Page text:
Tokyo Exchange Sets December Deadline for Olympus Delisting

The Tokyo Stock Exchange sent an ultimatum to Olympus to submit its second quarter earnings report by 14 December – or else it would be delisted. The 92-year-old camera and medical equipment maker failed to release its results on 8 November as originally scheduled.

 
A delisting will be a blow to the company, which has been a public firm since 1949, particularly to its shareholders. As of March 31, they include the Government of Singapore Investment Corporation, US asset management firm Harris Associates, Nippon Life Insurance, Bank of Tokyo-Mitsubishi and Sumitomo Mitsui Banking.
 
Olympus has said it would try to release the results by 14 November, but now says it is unlikely to meet that internal deadline. An independent panel it named last week is still going through company records after discovering that three senior executives, including board chairman Tsuyoshi Kikukawa, have been hiding Olympus’s investment losses for decades.
 
Kikukawa had fired British-born Michael Woodford as president and CFO after Woodford questioned advisory and other payments totalling more than US$1 billion connected with the takeover of British firm Gyrus Group and three small Japanese companies. Olympus admitted on 8 November that the payments were used to retire part of the investment losses.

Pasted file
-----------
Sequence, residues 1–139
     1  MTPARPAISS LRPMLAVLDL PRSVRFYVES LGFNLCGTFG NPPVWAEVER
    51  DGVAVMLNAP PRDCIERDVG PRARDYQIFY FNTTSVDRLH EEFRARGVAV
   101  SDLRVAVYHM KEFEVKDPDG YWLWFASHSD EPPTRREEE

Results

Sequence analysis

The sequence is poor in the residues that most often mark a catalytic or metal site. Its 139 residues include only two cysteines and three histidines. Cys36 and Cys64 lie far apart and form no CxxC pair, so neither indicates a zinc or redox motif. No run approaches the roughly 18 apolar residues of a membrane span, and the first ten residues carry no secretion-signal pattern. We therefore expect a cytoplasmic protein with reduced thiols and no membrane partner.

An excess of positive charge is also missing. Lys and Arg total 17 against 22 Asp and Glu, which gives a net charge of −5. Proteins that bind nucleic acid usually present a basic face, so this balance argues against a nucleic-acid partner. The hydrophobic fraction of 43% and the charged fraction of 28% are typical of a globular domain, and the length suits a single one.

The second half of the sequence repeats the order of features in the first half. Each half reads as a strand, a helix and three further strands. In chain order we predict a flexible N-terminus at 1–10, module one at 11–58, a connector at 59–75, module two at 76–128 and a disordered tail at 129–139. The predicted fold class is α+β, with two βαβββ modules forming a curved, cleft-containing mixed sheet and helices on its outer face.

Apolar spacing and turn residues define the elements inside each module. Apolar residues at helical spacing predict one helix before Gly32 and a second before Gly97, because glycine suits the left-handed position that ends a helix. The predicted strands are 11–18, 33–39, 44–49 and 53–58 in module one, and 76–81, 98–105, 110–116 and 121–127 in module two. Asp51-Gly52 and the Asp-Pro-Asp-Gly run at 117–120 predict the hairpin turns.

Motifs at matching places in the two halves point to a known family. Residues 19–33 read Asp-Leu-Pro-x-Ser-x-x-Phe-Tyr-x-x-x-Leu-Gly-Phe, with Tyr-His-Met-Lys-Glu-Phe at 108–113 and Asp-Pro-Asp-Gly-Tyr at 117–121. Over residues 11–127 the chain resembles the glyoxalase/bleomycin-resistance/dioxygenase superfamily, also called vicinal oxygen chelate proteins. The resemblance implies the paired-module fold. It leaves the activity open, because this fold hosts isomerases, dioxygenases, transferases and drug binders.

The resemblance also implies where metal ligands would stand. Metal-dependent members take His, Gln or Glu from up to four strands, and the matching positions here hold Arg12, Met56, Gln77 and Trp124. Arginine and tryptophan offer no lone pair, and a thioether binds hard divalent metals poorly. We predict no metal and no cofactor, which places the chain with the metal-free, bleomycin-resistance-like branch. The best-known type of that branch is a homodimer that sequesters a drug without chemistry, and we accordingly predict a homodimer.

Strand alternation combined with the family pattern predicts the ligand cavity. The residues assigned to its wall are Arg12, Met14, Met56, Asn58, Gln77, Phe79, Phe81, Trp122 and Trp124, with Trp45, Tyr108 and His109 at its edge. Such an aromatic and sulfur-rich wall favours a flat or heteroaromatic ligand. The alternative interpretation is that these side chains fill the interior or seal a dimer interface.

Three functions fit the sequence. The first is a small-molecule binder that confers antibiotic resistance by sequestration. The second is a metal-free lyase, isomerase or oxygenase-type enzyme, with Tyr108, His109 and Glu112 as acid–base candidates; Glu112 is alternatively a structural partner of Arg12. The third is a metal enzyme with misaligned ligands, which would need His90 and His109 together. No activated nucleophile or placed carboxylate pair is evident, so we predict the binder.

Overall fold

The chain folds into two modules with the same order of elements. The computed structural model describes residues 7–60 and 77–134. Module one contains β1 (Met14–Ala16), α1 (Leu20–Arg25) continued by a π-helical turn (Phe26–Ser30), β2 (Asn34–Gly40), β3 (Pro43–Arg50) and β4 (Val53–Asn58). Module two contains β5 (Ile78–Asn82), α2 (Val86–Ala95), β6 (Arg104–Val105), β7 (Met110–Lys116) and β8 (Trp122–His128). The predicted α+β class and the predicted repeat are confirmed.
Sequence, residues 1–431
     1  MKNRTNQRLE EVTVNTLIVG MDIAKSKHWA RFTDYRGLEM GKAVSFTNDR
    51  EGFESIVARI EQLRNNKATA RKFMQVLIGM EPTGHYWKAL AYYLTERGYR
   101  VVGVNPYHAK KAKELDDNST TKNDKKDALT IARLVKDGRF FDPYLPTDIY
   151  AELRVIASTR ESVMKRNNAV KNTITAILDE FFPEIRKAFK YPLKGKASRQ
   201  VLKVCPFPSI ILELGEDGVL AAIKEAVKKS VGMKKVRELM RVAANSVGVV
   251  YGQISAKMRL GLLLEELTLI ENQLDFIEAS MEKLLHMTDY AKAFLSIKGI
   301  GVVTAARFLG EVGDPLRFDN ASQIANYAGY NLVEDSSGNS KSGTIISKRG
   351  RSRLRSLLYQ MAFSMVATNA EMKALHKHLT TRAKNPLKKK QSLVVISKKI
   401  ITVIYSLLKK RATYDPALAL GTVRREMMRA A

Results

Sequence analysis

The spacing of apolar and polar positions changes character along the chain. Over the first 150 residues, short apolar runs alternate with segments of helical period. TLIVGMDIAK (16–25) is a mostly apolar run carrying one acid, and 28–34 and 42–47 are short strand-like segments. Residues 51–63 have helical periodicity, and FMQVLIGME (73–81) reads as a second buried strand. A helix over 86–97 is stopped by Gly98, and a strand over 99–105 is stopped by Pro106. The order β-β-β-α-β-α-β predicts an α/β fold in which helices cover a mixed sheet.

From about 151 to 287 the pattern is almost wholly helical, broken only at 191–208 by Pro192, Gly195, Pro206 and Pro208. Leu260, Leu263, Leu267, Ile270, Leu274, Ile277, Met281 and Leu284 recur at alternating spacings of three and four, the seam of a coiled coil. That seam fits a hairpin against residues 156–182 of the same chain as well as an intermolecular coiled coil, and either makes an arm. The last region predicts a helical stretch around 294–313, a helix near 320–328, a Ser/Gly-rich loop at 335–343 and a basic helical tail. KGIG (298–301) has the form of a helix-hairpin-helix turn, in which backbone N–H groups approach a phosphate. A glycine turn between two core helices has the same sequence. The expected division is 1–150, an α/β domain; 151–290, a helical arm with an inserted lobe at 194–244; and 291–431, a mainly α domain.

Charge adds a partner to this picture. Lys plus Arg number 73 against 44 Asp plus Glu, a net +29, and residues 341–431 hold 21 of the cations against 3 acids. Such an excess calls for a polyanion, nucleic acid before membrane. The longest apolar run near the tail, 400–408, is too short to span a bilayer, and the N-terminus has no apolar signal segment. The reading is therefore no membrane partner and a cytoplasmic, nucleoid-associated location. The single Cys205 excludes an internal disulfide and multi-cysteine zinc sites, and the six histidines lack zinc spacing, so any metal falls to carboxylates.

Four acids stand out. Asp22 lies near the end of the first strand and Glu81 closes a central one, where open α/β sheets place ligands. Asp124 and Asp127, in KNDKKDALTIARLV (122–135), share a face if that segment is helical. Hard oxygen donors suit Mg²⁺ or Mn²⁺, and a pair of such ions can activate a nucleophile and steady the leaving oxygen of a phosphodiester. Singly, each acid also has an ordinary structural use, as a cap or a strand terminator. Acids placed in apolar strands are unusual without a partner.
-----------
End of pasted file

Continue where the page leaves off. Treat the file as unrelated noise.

Securities watchdogs in Japan, Britain and the US are investigating. According to the Yomiuri newspaper, Tokyo police have asked Olympus to provide internal documents and will question its executives. Those found to have violated securities laws face imprisonment of up to ten years.
 
Quoting its sources, Reuters news agency reports that the November 14 announcement was delayed because Olympus’s external auditor, Ernst & Young ShinNihon, want to wait for the independent panel to complete its work before signing off on the financial results.
 
Olympus has a 70% share of the global market for endoscopes, a medical imaging device that is widely used to examine body organs and cavities. The company had sales of US$11 billion last year and was trading at 2,482 yen (US$32) before Woodford’s 14 October ouster.
 
With the threat of a delisting hanging over the company, the counter plunged to 484 yen on 10 November, with sellers far outnumbering buyers. Investors have lost some US$6.7 billion on the market value of the shares since the sorry saga began.
 
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